Can I become my grandmother’s POA without the consent of her current POA?

UPDATED: Sep 30, 2022

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Can I become my grandmother’s POA without the consent of her current POA?

My grandmother became ill and her daughter, my aunt, was appointed POA. Since then, my grandmother has gotten better but was put in a convalescent home and her daughter does’t allow

her or anyone else in her home. She also is taking money from her and uses her car. My grandmother does not want confrontation between anybody because she is scared of what will happen. She doesn’t even know who her lawyer is and no longer knows if there is a Will. What can I do to help? Can I become her POA without my aunt’s permission?

Asked on January 16, 2017 under Estate Planning, California


SJZ, Member, New York Bar / FreeAdvice Contributing Attorney

Answered 5 years ago | Contributor

If your grandmother is mentally compentent, she can appoint anyone she likes as per attorney-in-fact or agent (that's what you call the person given power by the POA), and she can either revoke her daughter's power or simply add you as an additional attorney-in-fact. Your grandmother would simply need to execute a new or revised POA giving you the power.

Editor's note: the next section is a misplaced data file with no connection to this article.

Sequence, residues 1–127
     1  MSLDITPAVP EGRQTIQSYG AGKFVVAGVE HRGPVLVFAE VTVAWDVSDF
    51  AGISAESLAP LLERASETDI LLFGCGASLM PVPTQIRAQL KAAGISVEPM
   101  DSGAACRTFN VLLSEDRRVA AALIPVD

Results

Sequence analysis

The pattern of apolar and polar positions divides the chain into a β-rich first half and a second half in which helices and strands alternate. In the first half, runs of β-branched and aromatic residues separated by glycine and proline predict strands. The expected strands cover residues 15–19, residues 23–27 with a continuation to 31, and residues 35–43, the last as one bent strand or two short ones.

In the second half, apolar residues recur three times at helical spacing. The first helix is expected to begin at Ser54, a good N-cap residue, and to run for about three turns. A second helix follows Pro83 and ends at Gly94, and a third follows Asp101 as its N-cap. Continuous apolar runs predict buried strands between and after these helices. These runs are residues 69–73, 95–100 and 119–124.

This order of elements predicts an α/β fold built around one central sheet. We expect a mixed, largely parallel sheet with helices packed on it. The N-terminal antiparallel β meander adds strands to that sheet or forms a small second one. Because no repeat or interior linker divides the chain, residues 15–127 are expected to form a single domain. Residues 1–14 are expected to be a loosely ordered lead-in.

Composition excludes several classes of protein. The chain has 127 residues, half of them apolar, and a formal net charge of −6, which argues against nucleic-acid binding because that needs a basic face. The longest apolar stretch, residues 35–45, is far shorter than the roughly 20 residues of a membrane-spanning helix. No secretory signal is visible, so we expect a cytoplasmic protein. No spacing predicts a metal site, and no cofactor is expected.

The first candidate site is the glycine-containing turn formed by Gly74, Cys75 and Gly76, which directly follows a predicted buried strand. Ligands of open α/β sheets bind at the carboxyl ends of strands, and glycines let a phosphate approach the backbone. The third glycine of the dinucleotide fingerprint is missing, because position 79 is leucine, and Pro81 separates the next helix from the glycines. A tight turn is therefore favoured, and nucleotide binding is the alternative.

Your grandmother could also, as stated, revoke her daughter's power if she chooses and if she is still mentally competent. 
But your grandmother would need to "step up" and do these things--if she is unwilling to confront her daugher but is mentally compentent, the law will not force her to act; mentally competent people can make their own decisions, even bad ones.
If your grandmother is no longer mentally competent (or you think she is not), and you feel that her daughter is taking advantage of her, you could potentially bring a legal action to have her declared incompetent, to have a legal guardian appointed, and to have her daughter's power revoked by the court for misusing it and violating her "fiduciary duty" (duty of honesty and trusthworthiness) to her mother. But this will not be an easy action to bring, especially when there is already a daughter with power to act for your grandmother; if you wish to consider this route, consult with an elder law attorney.

IMPORTANT NOTICE: The Answer(s) provided above are for general information only. The attorney providing the answer was not serving as the attorney for the person submitting the question or in any attorney-client relationship with such person. Laws may vary from state to state, and sometimes change. Tiny variations in the facts, or a fact not set forth in a question, often can change a legal outcome or an attorney's conclusion. Although has verified the attorney was admitted to practice law in at least one jurisdiction, he or she may not be authorized to practice law in the jurisdiction referred to in the question, nor is he or she necessarily experienced in the area of the law involved. Unlike the information in the Answer(s) above, upon which you should NOT rely, for personal advice you can rely upon we suggest you retain an attorney to represent you.

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